“ABCs”: 26 Tips for Maintaining a Safe Workplace

By Barb Szychta, Frank Cowan Company

May 2010 – As June 15th nears, and the Bill 168 amendments to the Ontario Health and Safety Act (OHSA) get ready to take effect, there are many tasks to remember. Below is a list of 26 key points that can help you with the implementation of policies and procedures, as well as the ongoing process with regard to the new legislation governing workplace violence and harassment.

Appoint a staff member to lead the implementation of Bill 168 to ensure that all of the requirements are met. Don’t assume a requirement has been met.

Be aware of your responsibilities under Ontario’s Human Rights Code and privacy legislation (ie. PIPEDA) when you are developing your violence and harassment policies and program. If in doubt, contact your lawyer.

Check in with employees that work in the field by using established periodic contact procedures. Don’t forget about your mobile workers. Their safety is your responsibility.

Develop a checklist for the requirements of Bill 168. Tick off the boxes as each one is completed.

Entrances that allow non-employees access to your workplace need to be locked from the outside. Instruct employees to keep them locked at all times. Propping open doors should not be allowed.

For compliance with the Act, your policies need to be in written form and “posted in a conspicuous place in the workplace”.

Give your employees the training they require to keep them safe. Don’t forget to include employees who work alone, work off-site, travel, etc. They may require different forms of training, i.e. staying safe in hotel rooms, airports, on client premises, etc.

How often employee training should take place depends on whether or not the risks within the workplace have changed. Train your employees as soon as new risks emerge or changes are made to your policies and program. If there are no changes, then implement a training schedule on a regular basis.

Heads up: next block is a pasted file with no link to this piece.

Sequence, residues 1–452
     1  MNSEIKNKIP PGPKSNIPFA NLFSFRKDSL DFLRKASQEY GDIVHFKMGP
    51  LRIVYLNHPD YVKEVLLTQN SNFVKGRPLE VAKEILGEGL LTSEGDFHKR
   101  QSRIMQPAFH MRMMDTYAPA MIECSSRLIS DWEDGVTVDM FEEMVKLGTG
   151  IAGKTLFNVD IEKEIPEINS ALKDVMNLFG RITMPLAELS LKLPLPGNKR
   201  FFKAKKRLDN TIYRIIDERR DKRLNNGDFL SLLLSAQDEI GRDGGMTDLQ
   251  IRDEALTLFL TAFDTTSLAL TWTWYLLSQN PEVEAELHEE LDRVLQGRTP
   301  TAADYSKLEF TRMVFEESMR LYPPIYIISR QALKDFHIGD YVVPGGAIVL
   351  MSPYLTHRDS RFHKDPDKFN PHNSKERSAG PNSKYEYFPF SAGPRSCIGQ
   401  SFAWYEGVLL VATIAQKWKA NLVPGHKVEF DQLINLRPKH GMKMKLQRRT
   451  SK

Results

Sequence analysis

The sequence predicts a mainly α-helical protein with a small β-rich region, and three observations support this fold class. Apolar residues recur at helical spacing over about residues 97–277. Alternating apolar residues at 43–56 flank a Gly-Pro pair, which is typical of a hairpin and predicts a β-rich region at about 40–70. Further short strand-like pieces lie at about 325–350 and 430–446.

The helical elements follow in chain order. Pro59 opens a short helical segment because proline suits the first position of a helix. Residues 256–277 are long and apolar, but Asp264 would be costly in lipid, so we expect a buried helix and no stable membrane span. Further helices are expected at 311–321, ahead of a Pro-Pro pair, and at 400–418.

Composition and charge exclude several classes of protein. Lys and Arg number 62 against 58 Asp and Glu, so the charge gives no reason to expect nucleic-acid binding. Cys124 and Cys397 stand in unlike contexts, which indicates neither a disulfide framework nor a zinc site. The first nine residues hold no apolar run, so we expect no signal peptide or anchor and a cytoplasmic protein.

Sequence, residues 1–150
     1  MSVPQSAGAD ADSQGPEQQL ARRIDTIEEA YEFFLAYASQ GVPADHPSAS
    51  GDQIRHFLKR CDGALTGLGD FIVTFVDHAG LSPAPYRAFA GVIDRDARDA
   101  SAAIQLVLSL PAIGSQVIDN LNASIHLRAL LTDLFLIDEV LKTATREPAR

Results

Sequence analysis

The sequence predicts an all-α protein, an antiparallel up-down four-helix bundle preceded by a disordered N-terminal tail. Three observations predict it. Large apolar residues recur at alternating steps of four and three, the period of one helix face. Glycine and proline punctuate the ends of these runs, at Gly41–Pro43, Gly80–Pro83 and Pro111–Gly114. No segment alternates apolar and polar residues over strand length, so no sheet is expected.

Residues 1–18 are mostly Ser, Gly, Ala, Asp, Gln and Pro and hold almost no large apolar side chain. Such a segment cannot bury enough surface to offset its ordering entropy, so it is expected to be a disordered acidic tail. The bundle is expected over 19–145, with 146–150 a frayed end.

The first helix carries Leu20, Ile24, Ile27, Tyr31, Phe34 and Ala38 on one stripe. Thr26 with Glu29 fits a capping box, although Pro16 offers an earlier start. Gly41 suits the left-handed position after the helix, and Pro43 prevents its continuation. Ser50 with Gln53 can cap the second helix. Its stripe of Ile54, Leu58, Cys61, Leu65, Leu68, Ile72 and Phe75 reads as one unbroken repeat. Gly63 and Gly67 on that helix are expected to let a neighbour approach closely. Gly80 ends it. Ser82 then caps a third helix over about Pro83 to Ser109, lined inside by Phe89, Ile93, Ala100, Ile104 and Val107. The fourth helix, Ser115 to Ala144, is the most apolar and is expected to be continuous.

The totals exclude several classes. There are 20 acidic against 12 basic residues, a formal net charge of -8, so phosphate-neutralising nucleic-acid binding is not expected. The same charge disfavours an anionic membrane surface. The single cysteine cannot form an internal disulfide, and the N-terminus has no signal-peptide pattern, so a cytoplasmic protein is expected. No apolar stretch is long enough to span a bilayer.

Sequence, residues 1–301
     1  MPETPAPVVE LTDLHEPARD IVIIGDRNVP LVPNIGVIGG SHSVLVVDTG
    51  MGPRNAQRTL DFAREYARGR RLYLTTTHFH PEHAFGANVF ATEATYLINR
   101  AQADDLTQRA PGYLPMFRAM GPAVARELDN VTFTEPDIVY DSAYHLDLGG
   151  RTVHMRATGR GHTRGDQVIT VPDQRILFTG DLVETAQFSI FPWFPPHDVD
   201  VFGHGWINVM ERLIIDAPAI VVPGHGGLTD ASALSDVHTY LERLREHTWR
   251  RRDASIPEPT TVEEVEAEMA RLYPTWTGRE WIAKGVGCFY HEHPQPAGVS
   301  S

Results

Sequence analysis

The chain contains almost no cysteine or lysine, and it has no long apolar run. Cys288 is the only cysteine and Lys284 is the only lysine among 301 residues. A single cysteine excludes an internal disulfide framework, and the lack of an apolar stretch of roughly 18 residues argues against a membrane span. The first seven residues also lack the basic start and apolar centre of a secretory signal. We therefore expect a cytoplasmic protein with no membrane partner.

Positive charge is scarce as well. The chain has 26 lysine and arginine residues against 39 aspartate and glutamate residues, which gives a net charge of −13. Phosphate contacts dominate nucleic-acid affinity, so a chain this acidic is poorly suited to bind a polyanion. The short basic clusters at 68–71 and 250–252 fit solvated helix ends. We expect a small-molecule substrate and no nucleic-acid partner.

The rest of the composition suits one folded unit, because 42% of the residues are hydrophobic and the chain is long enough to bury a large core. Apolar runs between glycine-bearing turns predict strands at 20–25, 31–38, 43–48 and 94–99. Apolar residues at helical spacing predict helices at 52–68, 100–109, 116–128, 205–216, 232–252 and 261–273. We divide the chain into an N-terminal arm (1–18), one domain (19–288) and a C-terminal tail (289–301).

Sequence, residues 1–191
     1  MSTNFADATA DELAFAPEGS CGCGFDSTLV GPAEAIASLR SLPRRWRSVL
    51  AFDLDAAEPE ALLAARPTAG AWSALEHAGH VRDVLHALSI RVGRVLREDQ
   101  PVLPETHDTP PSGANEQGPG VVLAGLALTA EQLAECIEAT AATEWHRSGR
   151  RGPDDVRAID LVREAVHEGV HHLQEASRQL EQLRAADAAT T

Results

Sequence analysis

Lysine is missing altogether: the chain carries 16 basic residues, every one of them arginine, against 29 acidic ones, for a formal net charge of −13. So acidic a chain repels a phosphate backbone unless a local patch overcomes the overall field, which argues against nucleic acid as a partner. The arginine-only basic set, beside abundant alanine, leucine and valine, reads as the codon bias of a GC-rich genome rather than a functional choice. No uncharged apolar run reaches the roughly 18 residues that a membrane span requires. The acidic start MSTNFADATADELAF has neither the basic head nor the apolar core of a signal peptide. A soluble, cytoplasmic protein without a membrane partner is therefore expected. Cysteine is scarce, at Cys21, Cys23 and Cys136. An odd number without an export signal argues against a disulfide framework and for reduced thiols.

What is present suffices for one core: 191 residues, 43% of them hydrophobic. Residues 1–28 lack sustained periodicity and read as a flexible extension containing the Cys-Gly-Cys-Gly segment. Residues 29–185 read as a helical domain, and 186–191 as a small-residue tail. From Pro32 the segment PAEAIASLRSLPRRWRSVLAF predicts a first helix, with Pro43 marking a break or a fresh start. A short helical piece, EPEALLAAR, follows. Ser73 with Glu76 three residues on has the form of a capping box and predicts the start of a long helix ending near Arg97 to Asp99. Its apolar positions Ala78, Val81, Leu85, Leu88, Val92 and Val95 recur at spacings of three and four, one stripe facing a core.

Include all workers in the development of your policies and procedures. If they have input they will take ownership.

Joint health and safety committees should be consulted in the development of workplace violence and harassment policies and programs. Remember – they have the same powers and responsibilities for violence and harassment as they do for other occupational hazards.

Keep in mind that “workplace” includes all places where your employees are directed or paid to visit.

Legal counsel should be consulted regarding the type of personal information that should and should not be disclosed to employees regarding a co-worker.

Make sure all of your workers understand your policies and procedures and their obligations under them.

Never ignore a worker’s concern. Investigate and record all complaints.

Organize or ask your employees to organize a “buddy system” – especially those employees who work after hours.

Policies for workplace violence and harassment must be reviewed annually according to Section 32.0.1 of the Act.

Question anyone that you don’t recognize in your workplace.

Recognizing the warning signs of potential violence should be included in your training program. Most employees don’t know what they are.

Security devices such as external cameras, card key access systems, panic-bar doors locked from the outside, etc. can make your premises safer.

There’s no need to reinvent the wheel when developing your policies. There are many templates out there. Use them as your starting point.

Use community resources to help educate staff, i.e. your local police.

Visibility and lighting are important environmental design considerations that can make your premises safer for your employees.

Workplace violence incident reports should be analyzed to determine patterns and emerging risks. These are valuable risk management documents.

X’amine your workplace and identify “safe areas” where workers can go if they feel threatened. Make sure these areas are accessible by all employees and have communications capabilities.

Your workplace assessment should be specific to each of your locations. Your locations have both common and unique risks. Know them and address them.

Zero tolerance for workplace violence and harassment will minimize the risks.

This article has been reprinted with permission from the May 2010 Workplace Violence Special Bulletin, and was authored by Barb Szychta, Director- Risk Management Services, Frank Cowan Company. The Workplace Violence Special Bulletin was co-created by Frank Cowan Company (www.frankcowan.com) and Cowan Insurance Group (www.cowangroup.ca), which are affiliated through common ownership.

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